Humankind and Unkind
The arrival of Blade Runner 2049 in theaters heralds another cinematic consideration of what it means to be human. In the dystopian futuristic world first inspired by Philip K. Dick’s influential 1968 novel Do Androids Dream of Electric Sheep? and hypnotically visualized on screen in Blade Runner (1982), directed by Ridley Scott and adapted by Hampton Fancher and David Peoples, flesh-and-blood, all-too-mortal humankind exists uneasily – and sometimes lethally – alongside a population of manufactured replicants invested with dream lives and aspirations that evolve into anthropomorphic capacities for long-term survival and even dominance. The tale’s new continuation, building out the tale 30 years into an even darker and more cataclysmic future realized by director Denis Villenueve (Arrival) and screenwriters Fancher and Michael Green, intensifies that man-vs.-machine struggle while amplifying the original’s “what price immortality” questions. Movies have always explored this area of human duplication with varying degrees of reflection and commentary on our past and present, sometimes tongue-in-cheek, sometimes supernaturally tinged, sometimes with ghoulish sci-fi riffery. As Blade Runner 2049, which topped the domestic box office this weekend, reignites the conversation about true-versus-synthetic humanity in our culture, three Twilight Time hi-def Blu-ray titles offer interesting perspectives on the matter. Wildly different in their approaches and budgets and thematic concerns, it is, above all, Halloween season and they prove intriguing complimentary viewing, as well as considerable amounts of scary fun.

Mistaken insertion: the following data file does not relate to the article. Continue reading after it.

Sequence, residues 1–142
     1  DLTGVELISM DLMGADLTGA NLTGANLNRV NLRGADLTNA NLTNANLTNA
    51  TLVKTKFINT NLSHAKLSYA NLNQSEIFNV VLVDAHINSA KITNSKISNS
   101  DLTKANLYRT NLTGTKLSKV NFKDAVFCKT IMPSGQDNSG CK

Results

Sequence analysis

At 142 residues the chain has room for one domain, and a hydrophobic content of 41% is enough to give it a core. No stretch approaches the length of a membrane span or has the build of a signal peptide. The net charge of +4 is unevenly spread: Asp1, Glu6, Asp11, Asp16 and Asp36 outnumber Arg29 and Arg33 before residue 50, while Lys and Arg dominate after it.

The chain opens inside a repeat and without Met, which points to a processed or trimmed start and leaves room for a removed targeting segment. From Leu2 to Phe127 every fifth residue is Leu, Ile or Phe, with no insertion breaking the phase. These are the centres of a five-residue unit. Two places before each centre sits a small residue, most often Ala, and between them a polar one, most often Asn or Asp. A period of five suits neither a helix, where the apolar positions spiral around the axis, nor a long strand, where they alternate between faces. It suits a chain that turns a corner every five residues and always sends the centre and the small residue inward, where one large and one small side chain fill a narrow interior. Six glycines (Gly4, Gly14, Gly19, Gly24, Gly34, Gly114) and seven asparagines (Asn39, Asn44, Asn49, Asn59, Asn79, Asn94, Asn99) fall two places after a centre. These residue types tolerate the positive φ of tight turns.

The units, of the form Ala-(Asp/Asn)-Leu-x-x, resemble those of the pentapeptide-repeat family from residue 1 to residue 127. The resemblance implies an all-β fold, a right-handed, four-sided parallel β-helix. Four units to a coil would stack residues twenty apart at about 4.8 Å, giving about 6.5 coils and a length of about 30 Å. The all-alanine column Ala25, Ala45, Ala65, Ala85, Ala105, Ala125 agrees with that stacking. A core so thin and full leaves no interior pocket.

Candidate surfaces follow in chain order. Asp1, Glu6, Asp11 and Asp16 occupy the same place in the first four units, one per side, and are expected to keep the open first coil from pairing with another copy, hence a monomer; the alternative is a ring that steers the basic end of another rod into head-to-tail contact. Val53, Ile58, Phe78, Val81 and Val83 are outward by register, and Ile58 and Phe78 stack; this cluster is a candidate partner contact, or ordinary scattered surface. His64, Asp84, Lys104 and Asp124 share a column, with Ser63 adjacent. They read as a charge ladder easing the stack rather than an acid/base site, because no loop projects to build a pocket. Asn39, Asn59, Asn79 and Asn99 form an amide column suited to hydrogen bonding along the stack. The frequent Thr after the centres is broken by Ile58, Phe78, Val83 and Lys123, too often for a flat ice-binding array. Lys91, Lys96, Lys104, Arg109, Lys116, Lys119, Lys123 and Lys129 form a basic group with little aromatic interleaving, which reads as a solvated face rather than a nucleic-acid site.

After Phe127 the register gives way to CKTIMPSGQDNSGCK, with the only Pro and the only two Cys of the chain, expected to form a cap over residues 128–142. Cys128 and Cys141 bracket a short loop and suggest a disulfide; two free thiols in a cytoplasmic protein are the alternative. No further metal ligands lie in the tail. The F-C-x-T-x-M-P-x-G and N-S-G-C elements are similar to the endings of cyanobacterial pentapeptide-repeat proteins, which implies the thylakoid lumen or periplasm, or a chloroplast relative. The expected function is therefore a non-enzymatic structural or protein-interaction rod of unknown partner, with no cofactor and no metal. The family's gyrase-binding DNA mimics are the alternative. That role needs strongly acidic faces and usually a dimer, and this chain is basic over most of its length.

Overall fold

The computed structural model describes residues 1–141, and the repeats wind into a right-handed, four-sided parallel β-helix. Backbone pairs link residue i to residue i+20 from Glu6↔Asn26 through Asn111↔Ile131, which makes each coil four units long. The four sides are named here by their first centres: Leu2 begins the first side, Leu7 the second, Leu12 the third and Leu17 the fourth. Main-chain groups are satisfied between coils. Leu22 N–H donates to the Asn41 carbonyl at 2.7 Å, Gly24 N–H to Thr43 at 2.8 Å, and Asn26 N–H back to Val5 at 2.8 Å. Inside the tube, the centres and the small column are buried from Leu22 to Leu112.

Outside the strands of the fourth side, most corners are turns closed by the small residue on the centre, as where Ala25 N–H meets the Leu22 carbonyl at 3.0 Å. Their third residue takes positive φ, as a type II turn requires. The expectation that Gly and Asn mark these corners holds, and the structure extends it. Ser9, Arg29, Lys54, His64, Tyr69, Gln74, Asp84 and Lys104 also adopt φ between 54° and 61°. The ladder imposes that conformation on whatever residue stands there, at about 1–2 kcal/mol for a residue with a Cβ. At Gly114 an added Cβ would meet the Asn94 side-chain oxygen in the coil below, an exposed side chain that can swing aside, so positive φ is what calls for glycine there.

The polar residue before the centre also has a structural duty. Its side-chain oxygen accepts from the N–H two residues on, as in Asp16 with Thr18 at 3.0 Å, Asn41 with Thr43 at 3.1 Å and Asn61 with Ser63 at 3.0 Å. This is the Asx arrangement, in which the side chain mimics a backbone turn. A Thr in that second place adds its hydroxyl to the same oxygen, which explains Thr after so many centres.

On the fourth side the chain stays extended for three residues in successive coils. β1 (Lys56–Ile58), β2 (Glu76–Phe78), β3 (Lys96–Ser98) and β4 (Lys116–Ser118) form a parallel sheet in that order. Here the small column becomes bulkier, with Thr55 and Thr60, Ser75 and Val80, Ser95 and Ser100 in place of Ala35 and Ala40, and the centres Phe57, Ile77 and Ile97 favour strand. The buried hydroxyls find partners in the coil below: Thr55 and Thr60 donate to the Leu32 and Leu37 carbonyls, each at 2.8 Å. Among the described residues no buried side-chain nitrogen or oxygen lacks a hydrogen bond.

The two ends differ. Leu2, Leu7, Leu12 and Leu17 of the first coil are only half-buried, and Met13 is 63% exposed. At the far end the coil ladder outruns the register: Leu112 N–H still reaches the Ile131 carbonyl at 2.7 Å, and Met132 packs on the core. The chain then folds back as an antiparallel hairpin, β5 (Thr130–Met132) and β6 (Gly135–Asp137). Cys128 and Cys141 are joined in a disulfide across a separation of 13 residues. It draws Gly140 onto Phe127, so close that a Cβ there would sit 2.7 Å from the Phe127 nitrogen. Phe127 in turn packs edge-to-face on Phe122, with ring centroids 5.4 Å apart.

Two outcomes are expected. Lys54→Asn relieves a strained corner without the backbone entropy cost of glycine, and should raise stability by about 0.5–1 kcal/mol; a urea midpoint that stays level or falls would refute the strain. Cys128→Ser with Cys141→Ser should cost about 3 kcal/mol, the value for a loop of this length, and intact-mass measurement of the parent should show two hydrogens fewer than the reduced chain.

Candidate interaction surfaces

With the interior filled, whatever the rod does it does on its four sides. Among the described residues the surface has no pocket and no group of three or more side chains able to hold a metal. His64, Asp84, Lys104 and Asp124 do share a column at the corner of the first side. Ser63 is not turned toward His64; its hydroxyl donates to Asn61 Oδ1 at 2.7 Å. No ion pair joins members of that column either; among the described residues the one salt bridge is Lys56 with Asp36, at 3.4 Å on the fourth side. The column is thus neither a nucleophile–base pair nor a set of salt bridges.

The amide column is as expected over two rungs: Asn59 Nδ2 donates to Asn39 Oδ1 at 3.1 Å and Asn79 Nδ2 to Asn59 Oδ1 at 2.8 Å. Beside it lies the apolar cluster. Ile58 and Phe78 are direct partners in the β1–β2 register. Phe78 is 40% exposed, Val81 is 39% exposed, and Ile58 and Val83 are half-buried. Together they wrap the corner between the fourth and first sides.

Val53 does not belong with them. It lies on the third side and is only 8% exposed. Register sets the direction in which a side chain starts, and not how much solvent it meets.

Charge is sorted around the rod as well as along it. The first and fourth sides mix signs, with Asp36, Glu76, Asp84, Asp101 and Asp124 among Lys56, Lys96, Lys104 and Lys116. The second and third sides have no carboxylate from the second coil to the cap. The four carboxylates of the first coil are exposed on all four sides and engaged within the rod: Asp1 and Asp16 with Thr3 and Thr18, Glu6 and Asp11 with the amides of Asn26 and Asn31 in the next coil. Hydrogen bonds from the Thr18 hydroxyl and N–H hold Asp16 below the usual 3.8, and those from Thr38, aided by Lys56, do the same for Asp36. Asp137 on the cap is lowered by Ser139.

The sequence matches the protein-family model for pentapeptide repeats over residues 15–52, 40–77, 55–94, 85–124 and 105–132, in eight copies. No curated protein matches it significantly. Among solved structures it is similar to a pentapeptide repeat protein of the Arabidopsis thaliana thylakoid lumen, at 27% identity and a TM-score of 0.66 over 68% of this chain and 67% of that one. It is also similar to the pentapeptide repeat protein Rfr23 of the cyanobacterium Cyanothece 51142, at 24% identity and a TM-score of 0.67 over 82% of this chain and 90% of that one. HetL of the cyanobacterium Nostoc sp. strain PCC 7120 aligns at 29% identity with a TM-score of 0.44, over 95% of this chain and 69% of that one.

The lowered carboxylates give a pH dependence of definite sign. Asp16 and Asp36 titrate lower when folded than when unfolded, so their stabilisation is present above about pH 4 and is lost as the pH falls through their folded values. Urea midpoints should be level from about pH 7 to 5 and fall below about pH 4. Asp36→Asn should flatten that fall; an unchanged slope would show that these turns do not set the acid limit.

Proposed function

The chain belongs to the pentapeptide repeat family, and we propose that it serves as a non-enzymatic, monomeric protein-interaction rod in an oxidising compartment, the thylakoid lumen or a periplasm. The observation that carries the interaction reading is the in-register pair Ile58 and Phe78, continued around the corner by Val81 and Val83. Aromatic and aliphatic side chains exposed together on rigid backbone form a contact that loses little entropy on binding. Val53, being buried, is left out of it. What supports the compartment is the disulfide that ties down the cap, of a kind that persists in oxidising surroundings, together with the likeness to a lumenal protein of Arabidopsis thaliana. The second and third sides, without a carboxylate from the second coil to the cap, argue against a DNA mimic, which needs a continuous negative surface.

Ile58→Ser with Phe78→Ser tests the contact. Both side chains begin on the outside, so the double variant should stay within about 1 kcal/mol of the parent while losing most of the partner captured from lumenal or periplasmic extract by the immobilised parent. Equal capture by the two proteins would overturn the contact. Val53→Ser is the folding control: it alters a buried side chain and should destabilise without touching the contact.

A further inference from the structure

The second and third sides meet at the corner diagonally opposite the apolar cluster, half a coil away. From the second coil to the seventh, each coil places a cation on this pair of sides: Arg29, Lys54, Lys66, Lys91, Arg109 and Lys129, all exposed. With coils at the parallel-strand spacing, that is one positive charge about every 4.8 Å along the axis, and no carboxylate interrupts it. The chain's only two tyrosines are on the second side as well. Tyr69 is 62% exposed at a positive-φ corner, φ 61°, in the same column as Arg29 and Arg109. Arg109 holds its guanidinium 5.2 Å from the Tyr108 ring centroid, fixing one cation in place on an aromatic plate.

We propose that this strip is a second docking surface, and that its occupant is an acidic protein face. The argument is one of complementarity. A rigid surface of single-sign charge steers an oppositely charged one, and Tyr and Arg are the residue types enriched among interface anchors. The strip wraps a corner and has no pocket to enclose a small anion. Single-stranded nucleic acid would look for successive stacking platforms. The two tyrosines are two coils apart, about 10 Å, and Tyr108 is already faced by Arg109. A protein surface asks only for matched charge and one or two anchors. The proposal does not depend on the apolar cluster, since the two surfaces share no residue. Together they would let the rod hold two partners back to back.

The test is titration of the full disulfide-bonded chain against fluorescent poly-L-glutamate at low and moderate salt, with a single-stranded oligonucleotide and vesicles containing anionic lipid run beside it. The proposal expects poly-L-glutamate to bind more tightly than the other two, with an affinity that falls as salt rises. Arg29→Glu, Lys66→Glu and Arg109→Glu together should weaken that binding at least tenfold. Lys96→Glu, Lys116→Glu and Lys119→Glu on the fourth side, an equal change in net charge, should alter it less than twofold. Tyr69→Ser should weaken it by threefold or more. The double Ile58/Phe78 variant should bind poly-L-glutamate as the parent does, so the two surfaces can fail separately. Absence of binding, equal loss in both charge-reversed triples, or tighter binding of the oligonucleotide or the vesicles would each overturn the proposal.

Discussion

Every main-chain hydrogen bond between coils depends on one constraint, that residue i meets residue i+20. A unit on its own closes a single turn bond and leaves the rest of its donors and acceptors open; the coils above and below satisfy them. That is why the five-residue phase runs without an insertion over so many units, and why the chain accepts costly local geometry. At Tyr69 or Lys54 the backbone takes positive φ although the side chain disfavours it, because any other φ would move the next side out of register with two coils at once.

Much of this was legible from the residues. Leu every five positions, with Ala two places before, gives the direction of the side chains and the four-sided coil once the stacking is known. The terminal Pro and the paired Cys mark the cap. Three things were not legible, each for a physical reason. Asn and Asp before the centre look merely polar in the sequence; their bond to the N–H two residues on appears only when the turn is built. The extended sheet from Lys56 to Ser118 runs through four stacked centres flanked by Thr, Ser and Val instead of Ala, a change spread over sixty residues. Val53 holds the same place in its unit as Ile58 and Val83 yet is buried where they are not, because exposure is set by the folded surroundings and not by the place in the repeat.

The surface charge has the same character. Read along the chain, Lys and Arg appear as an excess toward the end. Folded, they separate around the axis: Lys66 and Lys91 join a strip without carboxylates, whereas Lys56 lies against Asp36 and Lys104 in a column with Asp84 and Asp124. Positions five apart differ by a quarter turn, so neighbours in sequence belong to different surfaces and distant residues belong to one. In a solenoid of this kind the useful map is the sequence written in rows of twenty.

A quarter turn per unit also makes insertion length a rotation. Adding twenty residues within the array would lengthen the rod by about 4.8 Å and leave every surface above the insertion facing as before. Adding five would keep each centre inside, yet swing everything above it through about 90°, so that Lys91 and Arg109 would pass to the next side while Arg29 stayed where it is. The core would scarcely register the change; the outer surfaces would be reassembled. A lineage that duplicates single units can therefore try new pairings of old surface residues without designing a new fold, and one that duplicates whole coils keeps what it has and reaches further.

Consider what happens when alien invaders from another planet take over an isolated Midwestern town in 1958, assume the forms of local townfolk and time simply stops? Director/co-writer Michael Laughlin and co-writer Bill Condon did just that in the delightfully shaggy, nostalgically entertaining Strange Invaders (1983), a tip of the hat to It Came from Outer Space, Invasion of the Body Snatchers, I Married a Monster from Outer Space and other 1950s classics, spiced with an angle of governmental conspiracy as the feds seem to be in on the otherworlders’ operation and keep close tabs on the petrie-dish experiment of a Centerville, Illinois, amber-encased in 1958 until an incursion from a present-day college instructor (Paul Le Mat), a tabloid journalist (Nancy Allen) and an institutionalized victim of the aliens (Michael Lerner) exposes the extraterrestrial activity. This good-natured blend of the suspenseful and the satirical utilizes a great cast (Diana Scarwid, Louise Fletcher, Wallace Shawn, Fiona Lewis, Kenneth Tobey, June Lockhart, Charles Lane), surprisingly effective budget-conscious special effects, and a reasonable ending that allows our species and theirs to part ways short of Armageddon, leaving behind a human/alien love child as a (hopefully) good luck charm toward better future relations. Another recurring theme, that of human possession by another predeceased soul, haunts a host of movies, and is explored with unerring sobriety and unnerving eeriness by director Robert Wise and writer Frank De Felitta (adapting his own novel) in Audrey Rose (1977). Ten-year-old Amy Templeton (Susan Swift) is outwardly a normal, adjusted child, except she experiences inexplicable visions and nightmares of a past life and a violent, agonizing tragedy. Her parents (Marsha Mason and John Beck) are desperate to save their child from the harmful effects of her behavioral outbursts, when a compelling Anthony Hopkins enters the story as a man whose wife and daughter were killed in a fiery auto accident and an audacious claim founded on clairvoyant research: that young Amy is the repository of the essence of his late daughter Audrey Rose. Accustomed as the audience is to the primacy of one’s own personhood, they’re forced to confront the strange notion that two souls are housed in one body and that a terrible price may have to be paid to liberate one of the occupants of an innocent, living host. Wise, who had covered this territory before with spooky precision in The Curse of the Cat People and The Haunting, brings off a challenging premise with effectively potent, cinematically clinical results. Finally, there is the “scientific hybrid” subgenre that floats the following premise for consideration: what kind of specimen results when medical doctors engineer an entire metahuman from a mixture of the best body parts, fiendishly stolen, of course, from hapless living or murdered victims? Before you can say “Doctor X plus Doctor Orlac equals Vincent Price as an unhinged renegade surgeon,” there is the mutant speculative sci-fi/exploitive horror/political allegory Scream and Scream Again (1970), directed by Gordon Hessler from a Christopher Wicking screenplay based on the novel The Disoriented Man by Peter Saxon, a publishing house pen-name for speculative fiction writer Stephen D. Francis. (Talk about your alternative unreal identities.) Three somehow related plot strands covering the case of a hospitalized heart-attack victim whose treatment turns savagely extreme, the hunt for a serial “vampire killer” of amazing strength and with a proclivity toward draining the blood of his female victims, and the brutal tactics applied on political prisoners as well as bureaucratic superiors in a mysterious fascist state weave the fabric of this crazy-quilt collaboration starring horror genre legends Price, Christopher Lee and Peter Cushing. The bizarre link throughout this fiendish concoction is the generation of superhumans via mad genius Price’s pioneering limb and organ transplant techniques, with the ultimate goal of circulating these ghoulish creations into society at large and infiltrating the corridors of power with sinister “replacements.” Of course, like anything experimental, there will be results that go haywire. And in common with Blade Runner 2049 now in cinemas, the fascination with what defines the true nature of our humanness versus remarkable but incomplete facsimiles, including the TT discs of Audrey Rose (available here: http://screenarchives.com/title_detail.cfm/ID/28097/AUDREY-ROSE-1977/), Scream and Scream Again and Strange Invaders, ultimately fixates on the haywire part.